MESA, Ariz. — Throughout 2017, Ben Zobrist felt the strain of the previous two years.
The lengthened seasons after two World Series runs, the much-discussed carry-over for a franchise that waited 108 years for a championship and a balky wrist took their toll.
The result was a career-low .232 batting average and only 12 home runs and 50 RBIs, quite a dip from the previous season when he wound up as World Series MVP for the Cubs. The year before that, helped the Kansas City Royals win the crown.
"I can tell you this, the hunger is back for this team and we're excited to get back at it and prove to the league that we're the best team again," he said.
Zobrist knows his role is changing a bit as he enters the season as manager Joe Maddon's plug-and-play piece as a super utility player.
He will be 37 in May and is surrounded in the clubhouse by young talent heading toward its prime. Zobrist will still get plenty of playing time, even at first base, but knows his days of 150-plus games a year are behind him.
"I'm not going to play 158 games or whatever," said Zobrist, who was held out of Tuesday's live BP sessions as the Cubs bring him along slowly. "I'm going to have to manage and figure out how to play great for 130. Being healthy and playing 130 games of nine innings would be great.
"From their standpoint and from my standpoint, it's about managing my performance and my body physically. And making sure I can do all that and keep it at the highest level I can," he said.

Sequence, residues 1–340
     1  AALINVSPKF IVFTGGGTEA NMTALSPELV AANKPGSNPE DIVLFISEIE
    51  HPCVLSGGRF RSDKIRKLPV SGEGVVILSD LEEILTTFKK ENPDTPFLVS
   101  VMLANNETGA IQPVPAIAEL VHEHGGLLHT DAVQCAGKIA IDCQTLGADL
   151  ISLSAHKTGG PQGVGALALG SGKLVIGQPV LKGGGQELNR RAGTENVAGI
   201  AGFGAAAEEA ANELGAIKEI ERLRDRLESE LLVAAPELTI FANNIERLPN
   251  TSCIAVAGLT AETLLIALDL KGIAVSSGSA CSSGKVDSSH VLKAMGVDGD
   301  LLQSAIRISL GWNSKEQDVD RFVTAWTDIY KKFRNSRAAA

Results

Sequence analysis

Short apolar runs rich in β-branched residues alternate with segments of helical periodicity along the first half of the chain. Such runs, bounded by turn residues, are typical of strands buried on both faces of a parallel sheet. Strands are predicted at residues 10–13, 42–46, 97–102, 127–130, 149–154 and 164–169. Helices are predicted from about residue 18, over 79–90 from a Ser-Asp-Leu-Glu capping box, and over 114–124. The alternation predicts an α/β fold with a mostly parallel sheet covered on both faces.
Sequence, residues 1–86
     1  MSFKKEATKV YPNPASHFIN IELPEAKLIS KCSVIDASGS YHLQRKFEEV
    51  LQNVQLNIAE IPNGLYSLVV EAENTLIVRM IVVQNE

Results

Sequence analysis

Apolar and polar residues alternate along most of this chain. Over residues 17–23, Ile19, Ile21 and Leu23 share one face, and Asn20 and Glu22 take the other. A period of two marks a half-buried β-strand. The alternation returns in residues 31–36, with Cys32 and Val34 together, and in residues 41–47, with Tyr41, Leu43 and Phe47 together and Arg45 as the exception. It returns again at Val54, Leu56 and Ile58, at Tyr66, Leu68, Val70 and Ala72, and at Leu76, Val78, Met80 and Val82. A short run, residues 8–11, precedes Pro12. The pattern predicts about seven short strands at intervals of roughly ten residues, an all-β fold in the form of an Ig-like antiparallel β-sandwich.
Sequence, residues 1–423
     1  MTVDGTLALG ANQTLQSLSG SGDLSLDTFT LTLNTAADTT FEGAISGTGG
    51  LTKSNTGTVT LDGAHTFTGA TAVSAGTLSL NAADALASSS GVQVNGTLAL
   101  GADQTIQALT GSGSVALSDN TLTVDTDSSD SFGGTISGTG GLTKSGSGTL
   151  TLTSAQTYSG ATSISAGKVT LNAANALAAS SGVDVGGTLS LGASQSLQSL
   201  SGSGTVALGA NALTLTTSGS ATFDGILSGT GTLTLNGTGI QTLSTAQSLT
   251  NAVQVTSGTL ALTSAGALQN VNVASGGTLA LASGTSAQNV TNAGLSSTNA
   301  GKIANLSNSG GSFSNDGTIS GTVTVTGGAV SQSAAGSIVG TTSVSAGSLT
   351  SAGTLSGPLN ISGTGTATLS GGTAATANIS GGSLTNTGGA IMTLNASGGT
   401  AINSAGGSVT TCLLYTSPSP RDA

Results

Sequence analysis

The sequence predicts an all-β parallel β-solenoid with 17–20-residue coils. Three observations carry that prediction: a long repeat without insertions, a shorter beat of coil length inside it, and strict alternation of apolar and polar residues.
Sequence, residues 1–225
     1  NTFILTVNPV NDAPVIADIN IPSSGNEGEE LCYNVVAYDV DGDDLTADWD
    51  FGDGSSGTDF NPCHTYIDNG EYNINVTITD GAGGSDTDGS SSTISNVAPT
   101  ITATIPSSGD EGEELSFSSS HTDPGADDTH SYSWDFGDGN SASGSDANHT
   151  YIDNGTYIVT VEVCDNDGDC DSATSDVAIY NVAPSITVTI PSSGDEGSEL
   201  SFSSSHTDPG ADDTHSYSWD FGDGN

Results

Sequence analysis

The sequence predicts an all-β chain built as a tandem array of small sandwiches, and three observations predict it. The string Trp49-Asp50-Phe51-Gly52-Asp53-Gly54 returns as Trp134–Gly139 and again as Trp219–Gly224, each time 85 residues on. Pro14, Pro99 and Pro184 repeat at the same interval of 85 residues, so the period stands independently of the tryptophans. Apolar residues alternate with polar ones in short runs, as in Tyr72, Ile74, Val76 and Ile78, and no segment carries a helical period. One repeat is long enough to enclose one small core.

Most importantly, he returns to spring training feeling great after dealing with a right wrist injury that kept him from swinging freely most of last season.
The switch-hitter batted only .179 from the right side, where he had been stronger most of his career.
Zobrist is ready to rebound and knows with the way Maddon uses his lineup he will still have a vital role and will stay sharp throughout the season.
"I'll be good with what we have to do," Zobrist said. "Because we've got a lot of great players, and there are going to be good players who are going to sit on the bench at times."
"But no one ever rusts there. Joe uses everybody," he said.
Especially, if the question of who will be the leadoff hitter continues to be a main theme throughout the year, as it was in 2017 when the Cubs finished second in the NL in scoring.
"It's almost like having a closer," Maddon said. "If you don't have a legitimate closer, it's OK to work the ninth inning other ways. I'm very comfortable with moving that around based on guys that get on base often. And when you can combine a guy that has a high on-base and then he hits homers, too, that's even more attractive."
Maddon has put his faith in Zobrist for years, dating back to their Tampa Bay days, and will continue to do so.
"Listen, you're always better off when Ben Zobrist is in your lineup," Maddon said. "He's a little older than he had been. But he's in great shape. I told him, Let's just see what it looks like. Go out there and play, and we'll try to figure it out as the season begins to unwind.'"
"Because who knows? He might have an epiphany and turn back the clock a little bit — he looks that good," Maddon said.
Sounds fine to Zobrist.
"I'm 36 now as a player," he said. "I'm just trying to win championships at this point. It's not really about what you are trying to accomplish as an individual. Everybody wants to have great seasons, but I told him, Wherever you need me, I'm ready,'" he said.